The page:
Seven Posts in Seven Days: One

I have decided to set myself a blogging challenge; seven posts in seven days. I enjoy a challenge but of a particular kind. The thought of studying a new topic sets my heart aflutter as does a pile of as yet unread books, the prospect of an intriguing, thought provoking conversation or even working out my budget; my needs, as far as challenges go, are somewhat pedestrian. One I find difficult, however, is maintaining a daily writing habit.

So, here I go: the first of seven posts and, as you will have noticed, a new theme to aid the process.

I had an epiphany the other day. Such moments of exquisite understanding are rare and beautiful although they can be confronting. The details of my epiphany are not important; what I’d like to explore is the meaning of the word. While it is usually associated with the Christian festival of 6th January I hope to explore its secular application.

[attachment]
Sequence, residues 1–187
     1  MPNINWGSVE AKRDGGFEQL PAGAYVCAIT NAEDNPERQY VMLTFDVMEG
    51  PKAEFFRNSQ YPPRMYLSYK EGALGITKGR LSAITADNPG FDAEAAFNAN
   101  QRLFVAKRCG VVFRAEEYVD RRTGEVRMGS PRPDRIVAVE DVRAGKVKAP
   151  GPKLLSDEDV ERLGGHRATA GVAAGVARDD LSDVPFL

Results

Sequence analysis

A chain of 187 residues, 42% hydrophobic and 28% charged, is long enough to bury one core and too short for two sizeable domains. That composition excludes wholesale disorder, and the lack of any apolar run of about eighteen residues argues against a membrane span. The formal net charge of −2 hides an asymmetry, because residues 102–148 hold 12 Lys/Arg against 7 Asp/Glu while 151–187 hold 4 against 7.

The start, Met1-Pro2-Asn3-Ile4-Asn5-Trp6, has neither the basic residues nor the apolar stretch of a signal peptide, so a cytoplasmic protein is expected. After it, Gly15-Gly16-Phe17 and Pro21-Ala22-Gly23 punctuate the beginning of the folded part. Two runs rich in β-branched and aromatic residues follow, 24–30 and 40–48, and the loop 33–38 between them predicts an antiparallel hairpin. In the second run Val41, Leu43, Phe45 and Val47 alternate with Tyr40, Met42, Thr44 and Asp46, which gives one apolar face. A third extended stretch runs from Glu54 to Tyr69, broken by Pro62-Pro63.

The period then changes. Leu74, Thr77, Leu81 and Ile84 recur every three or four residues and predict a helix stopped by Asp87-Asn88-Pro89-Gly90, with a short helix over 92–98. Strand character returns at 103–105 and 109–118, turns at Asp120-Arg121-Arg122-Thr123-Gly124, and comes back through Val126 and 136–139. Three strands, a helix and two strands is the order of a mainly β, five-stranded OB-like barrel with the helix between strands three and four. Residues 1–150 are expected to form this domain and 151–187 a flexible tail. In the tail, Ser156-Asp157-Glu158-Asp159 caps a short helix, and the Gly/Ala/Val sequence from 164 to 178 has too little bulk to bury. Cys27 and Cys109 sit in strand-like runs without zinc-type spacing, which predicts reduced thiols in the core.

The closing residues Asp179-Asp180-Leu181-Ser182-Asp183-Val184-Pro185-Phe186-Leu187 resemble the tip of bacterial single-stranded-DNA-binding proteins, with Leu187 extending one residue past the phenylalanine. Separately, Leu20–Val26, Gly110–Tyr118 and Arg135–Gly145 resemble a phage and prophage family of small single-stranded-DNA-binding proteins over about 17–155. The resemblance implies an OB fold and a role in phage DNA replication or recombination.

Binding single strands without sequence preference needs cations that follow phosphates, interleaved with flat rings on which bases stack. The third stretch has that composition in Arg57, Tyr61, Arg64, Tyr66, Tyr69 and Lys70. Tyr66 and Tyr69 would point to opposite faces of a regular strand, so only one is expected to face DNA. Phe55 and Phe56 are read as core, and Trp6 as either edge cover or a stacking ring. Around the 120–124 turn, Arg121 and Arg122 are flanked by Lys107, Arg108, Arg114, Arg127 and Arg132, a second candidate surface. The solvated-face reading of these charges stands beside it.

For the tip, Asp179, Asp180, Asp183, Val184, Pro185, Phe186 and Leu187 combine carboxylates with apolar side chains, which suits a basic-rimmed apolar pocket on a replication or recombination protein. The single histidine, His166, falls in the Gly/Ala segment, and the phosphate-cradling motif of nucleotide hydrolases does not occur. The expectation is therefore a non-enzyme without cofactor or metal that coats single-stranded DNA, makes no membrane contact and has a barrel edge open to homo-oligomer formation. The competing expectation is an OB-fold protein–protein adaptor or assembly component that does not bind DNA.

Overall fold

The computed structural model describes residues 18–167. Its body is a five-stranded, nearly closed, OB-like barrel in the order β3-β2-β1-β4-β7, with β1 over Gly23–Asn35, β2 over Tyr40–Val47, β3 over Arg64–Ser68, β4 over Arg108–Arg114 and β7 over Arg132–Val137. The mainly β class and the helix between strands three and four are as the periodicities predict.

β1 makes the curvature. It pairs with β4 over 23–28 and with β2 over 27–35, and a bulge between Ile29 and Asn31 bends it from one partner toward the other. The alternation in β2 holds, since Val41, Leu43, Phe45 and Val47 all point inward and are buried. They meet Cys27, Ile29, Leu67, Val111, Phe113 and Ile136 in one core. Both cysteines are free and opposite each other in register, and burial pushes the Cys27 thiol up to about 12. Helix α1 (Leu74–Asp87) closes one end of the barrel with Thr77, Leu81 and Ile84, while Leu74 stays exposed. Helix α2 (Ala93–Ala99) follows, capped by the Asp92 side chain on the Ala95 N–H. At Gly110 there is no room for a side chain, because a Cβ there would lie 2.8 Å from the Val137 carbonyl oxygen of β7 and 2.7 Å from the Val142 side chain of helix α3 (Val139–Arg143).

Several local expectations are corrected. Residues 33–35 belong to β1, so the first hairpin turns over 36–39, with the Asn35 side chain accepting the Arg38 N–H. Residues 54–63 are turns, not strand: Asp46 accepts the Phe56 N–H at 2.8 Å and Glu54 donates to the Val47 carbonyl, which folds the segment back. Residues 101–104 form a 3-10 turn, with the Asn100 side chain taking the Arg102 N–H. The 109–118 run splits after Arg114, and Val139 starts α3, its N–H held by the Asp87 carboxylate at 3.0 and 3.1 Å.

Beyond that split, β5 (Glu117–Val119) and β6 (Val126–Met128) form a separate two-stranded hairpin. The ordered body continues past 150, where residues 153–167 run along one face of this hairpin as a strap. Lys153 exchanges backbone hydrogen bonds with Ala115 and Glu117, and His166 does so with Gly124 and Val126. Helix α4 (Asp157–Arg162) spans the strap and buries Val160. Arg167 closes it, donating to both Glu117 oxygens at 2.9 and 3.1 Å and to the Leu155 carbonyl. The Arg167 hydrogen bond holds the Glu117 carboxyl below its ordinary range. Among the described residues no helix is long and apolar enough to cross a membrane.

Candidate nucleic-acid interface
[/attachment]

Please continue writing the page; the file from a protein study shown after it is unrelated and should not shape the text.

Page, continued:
My Oxford Dictionary of English tells me an epiphany is a moment of sudden revelation or realisation. Roget’s Thesaurus rewards my lifting it off my bookshelf by providing synonyms like illumination, inspiration, disclosure and afflatus. Afflatus sends me scurrying back to the dictionary where, I discover, it means ‘a divine creative impulse or inspiration’. It comes from the Latin verb afflare, from ad ‘to’ + flare, ‘to blow’. An epiphany, it seems, could be construed as a blow to ones perceptions or, as some might say, a blinding flash of the obvious (aka BFO!). Andrew E Weber

(Photo Credit: Andrew E Weber)

What about my Chambers Dictionary of Etymology? Can it supply me with more information? Epiphany is borrowed from Old French from Late Latin from, in turn, the Greek, epipháneia;  a manifestation or striking appearance. Chambers then tells me the first literary sense of this meaning appeared in 1840 although I’d like to investigate this further …

I could go on but I think you get the point. Writing can be a daily challenge when you love words, when you own a good dictionary, a thesaurus and an etymological dictionary. There are so many distractions, so many entries to explore, so many new words to imbibe … hang on, is that what I mean? Let me just check ….

Comments

Please share your favourite word, or what happened the last time you consulted a dictionary, or how you maintain a daily writing habit. In fact, you can share anything you’d like as long as the words are pleasantly phrased!

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